Merchant services

5 Ways To Protect Your Business Against Credit Card Fraud


credit card fraudUnfortunately, in the case of credit card fraud, your business bears certain financial responsibilities and are similarly the victim, just as the cardholder whose information was used to make the fraudulent transaction. Protecting your business against credit card fraud is a necessary step that you must take in order to prevent costly chargebacks, and charges that arise from credit card fraud.

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When you set up a merchant account, you agree to pay certain credit card payment processing fees and charges on every transaction that you accept. It is important to understand that payments are not actually at your processor until you submit your daily batch at the end of the day, either manually or automatically. The reason this is important, is that it gives you time prior to closing your daily batch, to monitor your transactions and verify the validity of every payment that you accepted throughout the course of the day. Your credit card processor will provide you with the tools to monitor all transaction through an online portal or a dashboard that is set up for you.

Even with the tools provided to you by your credit card processor to try and mitigate credit card fraud, it is important to follow these 5 easy steps that you will be able to implement, to protect yourself and your business against costly credit card fraud.


1. Monitoring Transactions

This first step is a great way to get started in trying to reduce credit card fraud at your business. Install some cameras into your store, or business location that can easily view the front door, back part of the store and the designated check out area. If you do become the victim of credit card fraud, you will not only be able to check your transaction history online, but you will also be able to check your daily film, and see who the person was, if you are familiar with them, and even provide some information to the police is need be.


2. Check For Tampering

Make it a daily routine to check your payment processing equipment 1-3 times a day for tampering. Alot of credit card fraudster tend to tamper with machines prior to making a payment or purchase. If you, and your staff get into the practice of checking in the morning, during the early afternoon, and before close to make sure that the terminals are working correctly, nothing has been inserted into the card swipe area, or the card insert area, you will be protecting yourself preemptively against those trying to tamper with your payment processing equipment.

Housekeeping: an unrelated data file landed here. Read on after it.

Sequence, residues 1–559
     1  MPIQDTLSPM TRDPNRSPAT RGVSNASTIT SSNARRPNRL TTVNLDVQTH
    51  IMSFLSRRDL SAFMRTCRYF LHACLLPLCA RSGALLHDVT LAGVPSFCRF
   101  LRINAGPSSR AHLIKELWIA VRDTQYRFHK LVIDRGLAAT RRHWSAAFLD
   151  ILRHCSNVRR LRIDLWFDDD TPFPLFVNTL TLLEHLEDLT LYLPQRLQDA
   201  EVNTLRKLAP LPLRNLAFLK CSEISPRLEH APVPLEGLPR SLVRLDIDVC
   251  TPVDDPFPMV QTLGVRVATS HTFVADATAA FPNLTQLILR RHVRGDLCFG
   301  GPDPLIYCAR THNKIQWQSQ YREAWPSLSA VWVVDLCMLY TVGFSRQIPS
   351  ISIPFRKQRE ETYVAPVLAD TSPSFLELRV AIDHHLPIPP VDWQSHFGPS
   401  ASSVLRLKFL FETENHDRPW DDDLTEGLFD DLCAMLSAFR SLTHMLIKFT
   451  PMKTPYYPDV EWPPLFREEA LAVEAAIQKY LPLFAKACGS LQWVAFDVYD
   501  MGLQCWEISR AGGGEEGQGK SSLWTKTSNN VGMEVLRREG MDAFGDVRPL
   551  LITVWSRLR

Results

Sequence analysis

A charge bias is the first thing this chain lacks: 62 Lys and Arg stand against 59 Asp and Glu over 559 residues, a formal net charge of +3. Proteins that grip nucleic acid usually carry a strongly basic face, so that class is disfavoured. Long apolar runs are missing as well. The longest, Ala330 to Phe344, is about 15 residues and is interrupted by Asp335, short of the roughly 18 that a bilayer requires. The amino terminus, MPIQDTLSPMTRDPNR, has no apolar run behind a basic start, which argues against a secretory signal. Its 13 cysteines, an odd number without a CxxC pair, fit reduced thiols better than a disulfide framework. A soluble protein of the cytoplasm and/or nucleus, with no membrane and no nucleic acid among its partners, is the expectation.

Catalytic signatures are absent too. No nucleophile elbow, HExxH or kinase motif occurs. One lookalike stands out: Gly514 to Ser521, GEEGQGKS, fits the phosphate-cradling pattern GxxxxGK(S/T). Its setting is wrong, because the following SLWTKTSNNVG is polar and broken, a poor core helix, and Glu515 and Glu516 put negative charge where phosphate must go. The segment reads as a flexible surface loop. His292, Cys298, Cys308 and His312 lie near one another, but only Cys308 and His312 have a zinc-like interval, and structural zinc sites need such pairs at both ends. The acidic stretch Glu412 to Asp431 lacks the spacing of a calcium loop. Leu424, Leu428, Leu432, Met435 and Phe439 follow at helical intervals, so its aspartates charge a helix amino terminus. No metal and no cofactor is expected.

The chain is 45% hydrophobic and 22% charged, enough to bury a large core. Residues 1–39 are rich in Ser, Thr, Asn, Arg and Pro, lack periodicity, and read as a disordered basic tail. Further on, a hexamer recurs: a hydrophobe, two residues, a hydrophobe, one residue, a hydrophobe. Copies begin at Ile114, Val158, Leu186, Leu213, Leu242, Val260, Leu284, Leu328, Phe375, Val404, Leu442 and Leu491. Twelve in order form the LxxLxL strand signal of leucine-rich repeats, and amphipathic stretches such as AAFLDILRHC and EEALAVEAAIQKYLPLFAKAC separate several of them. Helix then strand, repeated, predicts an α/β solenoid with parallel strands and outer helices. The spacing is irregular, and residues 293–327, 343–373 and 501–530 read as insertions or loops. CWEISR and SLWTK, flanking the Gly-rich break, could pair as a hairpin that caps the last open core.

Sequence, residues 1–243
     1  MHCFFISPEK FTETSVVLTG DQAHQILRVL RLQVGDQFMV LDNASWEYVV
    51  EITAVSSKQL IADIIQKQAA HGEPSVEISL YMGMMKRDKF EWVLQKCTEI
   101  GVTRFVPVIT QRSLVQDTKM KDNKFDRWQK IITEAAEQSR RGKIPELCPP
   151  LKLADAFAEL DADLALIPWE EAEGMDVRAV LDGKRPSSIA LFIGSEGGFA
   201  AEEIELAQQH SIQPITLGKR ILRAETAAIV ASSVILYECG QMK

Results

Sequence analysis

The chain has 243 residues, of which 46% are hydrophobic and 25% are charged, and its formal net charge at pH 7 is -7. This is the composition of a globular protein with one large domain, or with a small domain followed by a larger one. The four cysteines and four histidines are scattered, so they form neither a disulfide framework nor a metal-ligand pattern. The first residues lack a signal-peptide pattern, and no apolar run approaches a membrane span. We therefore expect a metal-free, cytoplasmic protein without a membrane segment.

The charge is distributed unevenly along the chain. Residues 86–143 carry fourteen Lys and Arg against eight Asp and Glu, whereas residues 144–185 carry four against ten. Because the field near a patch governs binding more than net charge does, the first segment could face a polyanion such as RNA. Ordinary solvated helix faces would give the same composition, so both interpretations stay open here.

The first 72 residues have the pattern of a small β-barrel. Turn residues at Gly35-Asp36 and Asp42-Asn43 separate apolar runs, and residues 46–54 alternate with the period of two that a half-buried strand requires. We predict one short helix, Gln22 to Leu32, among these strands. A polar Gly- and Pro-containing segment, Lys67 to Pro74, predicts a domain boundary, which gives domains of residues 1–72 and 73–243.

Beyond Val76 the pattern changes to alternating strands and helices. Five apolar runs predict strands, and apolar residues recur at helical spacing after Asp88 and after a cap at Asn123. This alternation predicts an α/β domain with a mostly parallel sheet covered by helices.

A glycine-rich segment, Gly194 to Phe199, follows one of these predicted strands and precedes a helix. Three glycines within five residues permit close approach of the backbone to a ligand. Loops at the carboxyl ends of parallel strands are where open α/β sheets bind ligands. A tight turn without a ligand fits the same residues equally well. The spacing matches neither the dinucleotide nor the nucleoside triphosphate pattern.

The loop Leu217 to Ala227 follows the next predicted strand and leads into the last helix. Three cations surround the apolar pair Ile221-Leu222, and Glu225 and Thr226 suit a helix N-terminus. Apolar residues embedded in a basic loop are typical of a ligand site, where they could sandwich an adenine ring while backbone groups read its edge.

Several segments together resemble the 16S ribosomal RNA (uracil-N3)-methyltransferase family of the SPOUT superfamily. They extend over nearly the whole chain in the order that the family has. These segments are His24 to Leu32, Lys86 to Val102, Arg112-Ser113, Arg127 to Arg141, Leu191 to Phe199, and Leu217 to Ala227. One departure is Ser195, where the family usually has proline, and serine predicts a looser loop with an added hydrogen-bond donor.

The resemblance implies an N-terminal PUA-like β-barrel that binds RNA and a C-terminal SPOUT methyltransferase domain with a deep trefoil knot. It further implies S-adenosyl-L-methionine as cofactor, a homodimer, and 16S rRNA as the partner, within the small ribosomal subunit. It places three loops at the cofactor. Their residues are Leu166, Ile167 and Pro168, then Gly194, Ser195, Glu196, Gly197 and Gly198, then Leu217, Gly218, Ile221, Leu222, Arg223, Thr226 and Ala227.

3.  Designated Check Out Area

Always ensure that your payment processing equipment is set up in a designated check out area, or payment area. Refrain from having the terminal, especially if it a wireless terminal, in a corner of your location, or in a dimly lit area that is not usually monitored by a staff member. Payment processing equipment should always be put back in the same designated area, and protected from the use of customers.


4. Ask the right questions

Training your staff to always ask the right questions to customers will protect your business against credit card fraud. It is important that all employees that will be processing transactions not be afraid to ask for a second piece of ID, match a signature, or refuse payment. If there is suspicion regarding whether the card matches the customer, and they are unwilling to provide a secondary piece of identification, or change payment method, it is in your right to refuse his payment and kindly ask that individual to leave. Although it may be tough, always ensure that the proper questions are being asked, and that being polite and asking someone to leave your location is within your rights.


5. Be Aware of large purchases

Although this may seem prejudicial, there is no harm in double checking the card holding when large purchases are being made at your place of business. This may be as simple as explaining there is a policy set in place by senior management for all purchases over a certain dollar amount required a secondary piece of ID, or simply double checking the name on the card, and monitoring the signature.

Take these 5 quick steps in preventing credit card fraud and begin to implement proper payment processes to protect yourself and your business. If you do come across any credit card fraudster, contact the police, and retrieve the card that is in question.


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Justin Proctor

As director of sales, I run the day-to-day sales department at BNA Smart Payment. I’m responsible for recruiting, training, coaching, and retaining top sales reps and leading a customer-first sales team. I lead an awesome team of revenue-generating machines (aka salespeople) on the front lines of the sales process, move the pipeline forward, build inbound sales playbooks, and implement processes to drive revenue.

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